Feds want to return grizzlies to the North Cascades, starting with experimental population

Final EIS evaluates the impacts of possible actions, but it is not a final decision.

WASHINGTON, D.C. – With the release of the Final Environmental Impact Statement (EIS) Federal agencies are one step closer to starting the process of gradually reintroducing grizzly bears to the North Cascades.

The National Park Service and U.S. Fish & Wildlife Service released a final EIS on March 21 that evaluates options to restore grizzly bears to the North Cascades ecosystem of Washington where they once roamed, according to a joint news release from the two agencies.

“Grizzly bears occupied the North Cascades for thousands of years as an essential part of the ecosystem, distributing native plant seeds and keeping other wildlife populations in balance. In the 20th century, humans nearly hunted them to extinction in the area. The last confirmed sighting of a grizzly bear in the U.S. portion of the North Cascades ecosystem was in 1996,” state the agencies.

The final EIS is not a decision to take a particular action but evaluates the impacts of several alternatives.

The document identifies the translocation of grizzly bears to the North Cascades from other ecosystems with an experimental population designation as the preferred alternative. If adopted, the experimental population designation, under section 10(j) of the Endangered Species Act, would provide land managers and communities with additional management tools that would not otherwise be available to manage a restored population.

In addition, the EIS also evaluates a ‘no action’ alternative and an alternative involving the translocation of grizzly bears under existing protections. The EIS analyzes all three alternatives based on a number of topics, including impacts to other wildlife, wilderness character, recreation, safety, socioeconomics, and ethnographic resources.

Agencies anticipate issuing a record of decision in the weeks ahead.

Congressman Dan Newhouse, who has voiced opposition to the reintroduction of the bears to the North Cascades, addressed the issue of the final EIS in a hearing held by the House Appropriations Subcommittee on Agriculture to hear Department of Agriculture Secretary Thomas Vilisack testify on the fiscal year 2025 agency budget request.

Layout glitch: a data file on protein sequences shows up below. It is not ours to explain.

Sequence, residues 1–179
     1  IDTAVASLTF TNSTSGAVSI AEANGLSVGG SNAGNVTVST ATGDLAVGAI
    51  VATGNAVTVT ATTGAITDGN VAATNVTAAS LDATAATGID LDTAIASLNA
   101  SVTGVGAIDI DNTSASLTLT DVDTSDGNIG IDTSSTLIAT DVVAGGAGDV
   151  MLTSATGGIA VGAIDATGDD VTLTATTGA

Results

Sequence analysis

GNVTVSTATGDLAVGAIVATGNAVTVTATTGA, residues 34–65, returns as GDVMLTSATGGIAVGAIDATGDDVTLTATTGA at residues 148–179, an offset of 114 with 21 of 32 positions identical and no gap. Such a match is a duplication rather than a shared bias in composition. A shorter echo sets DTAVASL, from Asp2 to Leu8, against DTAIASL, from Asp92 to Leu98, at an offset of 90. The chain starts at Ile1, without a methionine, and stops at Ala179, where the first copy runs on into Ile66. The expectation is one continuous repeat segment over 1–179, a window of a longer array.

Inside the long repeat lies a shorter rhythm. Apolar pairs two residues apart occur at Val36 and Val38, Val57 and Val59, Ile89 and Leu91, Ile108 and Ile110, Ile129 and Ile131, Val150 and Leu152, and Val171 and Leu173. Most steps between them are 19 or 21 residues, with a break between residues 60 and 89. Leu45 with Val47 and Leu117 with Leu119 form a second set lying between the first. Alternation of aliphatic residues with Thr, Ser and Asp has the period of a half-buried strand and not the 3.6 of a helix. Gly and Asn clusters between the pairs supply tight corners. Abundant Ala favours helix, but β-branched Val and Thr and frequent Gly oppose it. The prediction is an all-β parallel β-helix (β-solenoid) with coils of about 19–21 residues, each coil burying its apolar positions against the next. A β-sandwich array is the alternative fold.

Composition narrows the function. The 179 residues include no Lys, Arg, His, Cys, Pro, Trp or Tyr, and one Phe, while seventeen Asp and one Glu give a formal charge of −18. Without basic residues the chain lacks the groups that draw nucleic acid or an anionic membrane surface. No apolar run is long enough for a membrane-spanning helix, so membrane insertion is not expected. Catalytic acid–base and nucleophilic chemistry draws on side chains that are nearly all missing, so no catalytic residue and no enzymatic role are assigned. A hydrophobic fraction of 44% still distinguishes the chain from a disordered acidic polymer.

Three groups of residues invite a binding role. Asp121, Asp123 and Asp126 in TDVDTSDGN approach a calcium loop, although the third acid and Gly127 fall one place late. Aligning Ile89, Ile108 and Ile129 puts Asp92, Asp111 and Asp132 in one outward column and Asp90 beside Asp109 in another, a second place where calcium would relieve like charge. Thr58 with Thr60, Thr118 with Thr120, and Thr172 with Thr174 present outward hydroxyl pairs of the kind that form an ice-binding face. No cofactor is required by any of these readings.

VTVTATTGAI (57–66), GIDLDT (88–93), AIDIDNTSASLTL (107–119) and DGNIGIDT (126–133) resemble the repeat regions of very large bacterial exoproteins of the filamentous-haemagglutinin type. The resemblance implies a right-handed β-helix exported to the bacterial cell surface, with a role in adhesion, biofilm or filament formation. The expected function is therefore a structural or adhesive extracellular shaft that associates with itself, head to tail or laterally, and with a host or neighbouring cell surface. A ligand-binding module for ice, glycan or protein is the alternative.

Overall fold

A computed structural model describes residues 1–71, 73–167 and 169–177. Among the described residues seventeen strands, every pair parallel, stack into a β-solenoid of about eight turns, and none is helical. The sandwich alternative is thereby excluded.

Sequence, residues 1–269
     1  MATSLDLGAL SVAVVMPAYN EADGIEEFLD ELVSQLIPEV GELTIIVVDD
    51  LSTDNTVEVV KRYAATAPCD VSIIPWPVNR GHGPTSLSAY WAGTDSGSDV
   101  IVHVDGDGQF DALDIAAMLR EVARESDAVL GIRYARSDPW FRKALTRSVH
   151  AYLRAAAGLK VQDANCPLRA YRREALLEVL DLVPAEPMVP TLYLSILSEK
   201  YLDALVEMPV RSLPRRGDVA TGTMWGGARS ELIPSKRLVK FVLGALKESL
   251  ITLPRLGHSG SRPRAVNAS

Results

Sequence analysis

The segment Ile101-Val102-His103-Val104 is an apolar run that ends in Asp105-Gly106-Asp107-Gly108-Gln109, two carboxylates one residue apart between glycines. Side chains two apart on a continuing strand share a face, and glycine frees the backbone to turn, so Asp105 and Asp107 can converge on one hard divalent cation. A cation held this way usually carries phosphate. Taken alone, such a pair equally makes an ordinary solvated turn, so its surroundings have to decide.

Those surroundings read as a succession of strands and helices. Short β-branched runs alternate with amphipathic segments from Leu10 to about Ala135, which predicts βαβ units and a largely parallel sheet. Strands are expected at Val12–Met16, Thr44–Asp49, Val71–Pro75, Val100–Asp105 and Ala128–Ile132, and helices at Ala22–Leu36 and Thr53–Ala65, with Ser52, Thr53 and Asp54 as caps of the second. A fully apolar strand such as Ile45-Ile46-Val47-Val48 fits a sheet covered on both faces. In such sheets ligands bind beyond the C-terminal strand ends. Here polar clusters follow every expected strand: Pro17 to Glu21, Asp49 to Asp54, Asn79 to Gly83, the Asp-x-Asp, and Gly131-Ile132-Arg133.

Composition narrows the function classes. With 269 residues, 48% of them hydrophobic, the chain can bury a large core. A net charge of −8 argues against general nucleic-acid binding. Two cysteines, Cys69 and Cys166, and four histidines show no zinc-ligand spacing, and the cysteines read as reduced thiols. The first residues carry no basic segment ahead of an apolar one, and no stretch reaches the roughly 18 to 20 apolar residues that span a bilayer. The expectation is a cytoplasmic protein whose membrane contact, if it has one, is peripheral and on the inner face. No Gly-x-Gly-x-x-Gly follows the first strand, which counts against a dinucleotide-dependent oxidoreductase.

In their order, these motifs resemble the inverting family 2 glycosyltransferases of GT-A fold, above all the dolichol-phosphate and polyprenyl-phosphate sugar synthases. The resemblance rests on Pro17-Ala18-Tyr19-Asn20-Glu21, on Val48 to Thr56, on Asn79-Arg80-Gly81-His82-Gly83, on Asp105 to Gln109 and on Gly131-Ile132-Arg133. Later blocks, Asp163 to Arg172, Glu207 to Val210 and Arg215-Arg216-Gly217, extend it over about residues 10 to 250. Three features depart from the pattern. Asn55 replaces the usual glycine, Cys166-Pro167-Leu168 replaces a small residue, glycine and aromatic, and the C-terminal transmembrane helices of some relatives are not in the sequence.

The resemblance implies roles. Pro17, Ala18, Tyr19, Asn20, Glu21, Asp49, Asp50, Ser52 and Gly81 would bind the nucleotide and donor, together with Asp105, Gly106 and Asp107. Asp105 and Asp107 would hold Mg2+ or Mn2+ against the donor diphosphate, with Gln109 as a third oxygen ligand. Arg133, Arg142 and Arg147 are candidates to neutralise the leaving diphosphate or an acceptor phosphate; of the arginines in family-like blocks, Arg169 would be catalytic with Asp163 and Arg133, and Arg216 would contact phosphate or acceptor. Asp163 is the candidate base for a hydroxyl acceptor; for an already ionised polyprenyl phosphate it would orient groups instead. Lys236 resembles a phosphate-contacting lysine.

He asked Vilisack if the National Park Service or the U.S. Fish and Wildlife Service consulted with USDA as they finalized the EIS. He also asked if Vilisack if he knew if the two agencies had a plan for dealing with the crop loss and livestock depredation that Newhouse says is inevitable from reintroduction of the bears.

“As a farmer, I worry not only about the grizzlies destroying my crops, but for the safety and well-being farmers, families, farm employees and communities. This sentiment has been overwhelmingly amplified by constituents with many citing the cougar and wolf introductions that—to no surprise—have resulted in dead livestock and residents threatened,” said Newhouse. “It is clear that officials the Park Service and Fish and Wildlife know grizzlies can and probably will move out of the zone in which they plan to drop them in, yet rather than letting common sense prevail, they continue to push forward with this dangerous plan and my constituent’s voices have been shut out in favor of a pre-determined outcome.”

Environmental groups are applauding the idea of the reintroduction of the grizzly to Washington state and the North Cascades.

“The grizzly bear is a critical part of the ecological and cultural fabric of the North Cascades. They belong here. Without them, our wild areas are diminished, less diverse and sanitized. The narrative about Cascades grizzly bear recovery will take decades to unfold. But with science, education, and a little human tolerance, it can be one of the greatest conservation success stories of ours and future generations,” said Joe Scott, international program director for Conservation Northwest.

According to the two agencies involved, public feedback played a key role in the development of the final EIS. During the 45-day public comment period for the draft document in fall of 2023, over 12,000 public comments were received. In addition, hundreds of individuals provided input at public meetings across the region. Comments and questions were reviewed and incorporated into the EIS where appropriate.